So, how do employers attract employees back to the office if the list of concerns is so extensive? The key is to listen and address. Forcing employees back to the office 5-days a week by reciting their employment contract back to them will destroy morale and positive culture. By listening to each concern and addressing them appropriately, employees are more likely to be excited by the prospect of returning to the office and this display of consideration for the employees’ concerns is likely to have a positive impact on their loyalty.

Get employees back to the office by replicating their home environment


If employees are experiencing benefits while working at home that they cannot find in the office, bring those benefits to the office.

A major benefit of working from home is the ability to create uninterrupted focus and quiet time. Replicate that in-office by setting up a space for focus time. This space should be isolated and quiet with a no-distraction, no-interruption policy.

Another benefit of working from home is the ability to take breaks that provide genuine rest and recharge. The mental health benefits of this are far-reaching. Create recharge spaces where employees can take their minds off the stress of their duties for a period so that when they return to their focus time they are fully charged.

Creating a buzz


In addition to bringing the benefits of working from home to the office, entice employees back to the office by offering something they can’t get at home. Connection.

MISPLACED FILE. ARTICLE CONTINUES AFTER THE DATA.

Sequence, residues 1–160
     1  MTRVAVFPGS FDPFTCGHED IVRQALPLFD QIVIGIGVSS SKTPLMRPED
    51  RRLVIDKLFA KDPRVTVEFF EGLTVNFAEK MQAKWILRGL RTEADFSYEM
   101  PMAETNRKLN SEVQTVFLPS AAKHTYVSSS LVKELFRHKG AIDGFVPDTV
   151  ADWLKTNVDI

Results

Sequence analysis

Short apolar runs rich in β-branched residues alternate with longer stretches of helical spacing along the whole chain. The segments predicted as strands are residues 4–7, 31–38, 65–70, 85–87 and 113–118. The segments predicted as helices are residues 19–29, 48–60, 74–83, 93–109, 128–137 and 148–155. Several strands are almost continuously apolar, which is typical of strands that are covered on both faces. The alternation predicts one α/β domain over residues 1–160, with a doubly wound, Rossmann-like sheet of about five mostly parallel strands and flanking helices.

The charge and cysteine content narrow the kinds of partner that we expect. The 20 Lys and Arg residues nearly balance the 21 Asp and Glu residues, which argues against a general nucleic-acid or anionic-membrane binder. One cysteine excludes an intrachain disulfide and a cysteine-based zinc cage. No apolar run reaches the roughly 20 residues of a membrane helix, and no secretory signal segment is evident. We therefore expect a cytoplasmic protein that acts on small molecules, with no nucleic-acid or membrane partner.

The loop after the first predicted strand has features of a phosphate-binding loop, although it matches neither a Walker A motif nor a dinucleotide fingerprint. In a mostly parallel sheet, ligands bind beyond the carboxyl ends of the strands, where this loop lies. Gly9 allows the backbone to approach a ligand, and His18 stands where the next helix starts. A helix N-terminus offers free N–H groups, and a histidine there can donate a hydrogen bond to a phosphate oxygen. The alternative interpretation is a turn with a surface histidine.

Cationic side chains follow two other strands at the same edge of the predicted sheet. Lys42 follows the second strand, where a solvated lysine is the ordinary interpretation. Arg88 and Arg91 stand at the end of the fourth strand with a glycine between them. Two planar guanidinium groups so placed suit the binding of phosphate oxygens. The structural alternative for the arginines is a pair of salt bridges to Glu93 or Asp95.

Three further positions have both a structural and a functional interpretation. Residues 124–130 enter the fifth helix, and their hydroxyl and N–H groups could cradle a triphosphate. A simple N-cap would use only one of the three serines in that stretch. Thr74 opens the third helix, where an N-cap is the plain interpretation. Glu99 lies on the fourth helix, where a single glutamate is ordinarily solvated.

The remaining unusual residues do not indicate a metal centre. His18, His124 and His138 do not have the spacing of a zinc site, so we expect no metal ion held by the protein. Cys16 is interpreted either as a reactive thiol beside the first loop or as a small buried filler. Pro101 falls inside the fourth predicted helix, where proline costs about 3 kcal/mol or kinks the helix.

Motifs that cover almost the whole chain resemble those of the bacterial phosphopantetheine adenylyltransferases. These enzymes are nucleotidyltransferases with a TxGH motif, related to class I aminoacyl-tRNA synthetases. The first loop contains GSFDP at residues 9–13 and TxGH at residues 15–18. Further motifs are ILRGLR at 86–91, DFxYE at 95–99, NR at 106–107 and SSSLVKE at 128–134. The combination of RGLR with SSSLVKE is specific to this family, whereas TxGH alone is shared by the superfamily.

Break the silos that are so often created by remote working. Create opportunities for different departments, functions, and levels of seniority to foster connection. Collaboration is key.

Take it a step further by getting HR involved. Set up a calendar. Carve out time for fun and share the calendar so that employees can plan. This also allows employers to ensure that there is a reasonable balance between work and play. Fun doesn’t always mean downtime for the office. Innovation workshops, brainstorming sessions, team building, and interdepartmental sharing sessions can increase connection while boosting productivity.

Don’t forget to make use of lunchtime. This is a time when employees typically connect. Amplify that time with engaging activities such as playing the local sports team’s latest match.

Get employees back to the office by creating a culture of convenience


To get employees back to the office, employers should consider that at home, they experience convenience. Can this convenience be brought to the office?

The convenience of time saved on travel, time set aside to make school runs, time to attend a medical appointment and time for other domestic tasks can be accommodated by a hybrid working model. Can these daily tasks be done at the office? Is there a potential for a gym, daycare or car wash facility at the office?

Because of reduced travel when working from home, many employees have expressed that financial compensation or organised transport could tempt them back to the office.

Make space for virtual collaboration. If there is no space for virtual collaboration in the office, the hybrid model will be ineffective. Allow for the physical space and the technology that fosters connection and productivity.

A final thought


The biggest mistake an organisation could make is to assume that their previous set-up and model will be adequate to take them forward. Changes need to be made to create an office environment that employees want to be in. A place where they do their best work.